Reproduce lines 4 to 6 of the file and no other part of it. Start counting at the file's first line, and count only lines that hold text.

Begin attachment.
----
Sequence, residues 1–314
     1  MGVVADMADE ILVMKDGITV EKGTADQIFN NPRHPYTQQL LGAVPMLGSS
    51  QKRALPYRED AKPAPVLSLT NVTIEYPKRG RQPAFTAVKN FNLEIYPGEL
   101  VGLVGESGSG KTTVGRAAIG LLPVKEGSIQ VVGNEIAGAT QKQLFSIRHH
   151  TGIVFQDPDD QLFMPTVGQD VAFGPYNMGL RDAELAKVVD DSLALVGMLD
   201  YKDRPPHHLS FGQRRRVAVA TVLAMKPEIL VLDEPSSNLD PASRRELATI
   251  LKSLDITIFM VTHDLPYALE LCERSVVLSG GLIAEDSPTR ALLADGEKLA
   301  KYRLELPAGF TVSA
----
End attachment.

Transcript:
   101  VGLVGESGSG KTTVGRAAIG LLPVKEGSIQ VVGNEIAGAT QKQLFSIRHH
   151  TGIVFQDPDD QLFMPTVGQD VAFGPYNMGL RDAELAKVVD DSLALVGMLD
   201  YKDRPPHHLS FGQRRRVAVA TVLAMKPEIL VLDEPSSNLD PASRRELATI